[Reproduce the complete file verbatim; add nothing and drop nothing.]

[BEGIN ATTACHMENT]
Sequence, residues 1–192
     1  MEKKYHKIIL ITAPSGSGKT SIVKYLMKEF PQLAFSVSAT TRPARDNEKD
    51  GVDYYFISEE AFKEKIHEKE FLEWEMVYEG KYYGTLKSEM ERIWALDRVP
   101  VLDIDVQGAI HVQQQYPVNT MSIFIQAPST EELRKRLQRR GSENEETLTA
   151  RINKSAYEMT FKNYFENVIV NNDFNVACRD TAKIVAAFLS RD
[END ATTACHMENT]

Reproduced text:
Sequence, residues 1–192
     1  MEKKYHKIIL ITAPSGSGKT SIVKYLMKEF PQLAFSVSAT TRPARDNEKD
    51  GVDYYFISEE AFKEKIHEKE FLEWEMVYEG KYYGTLKSEM ERIWALDRVP
   101  VLDIDVQGAI HVQQQYPVNT MSIFIQAPST EELRKRLQRR GSENEETLTA
   151  RINKSAYEMT FKNYFENVIV NNDFNVACRD TAKIVAAFLS RD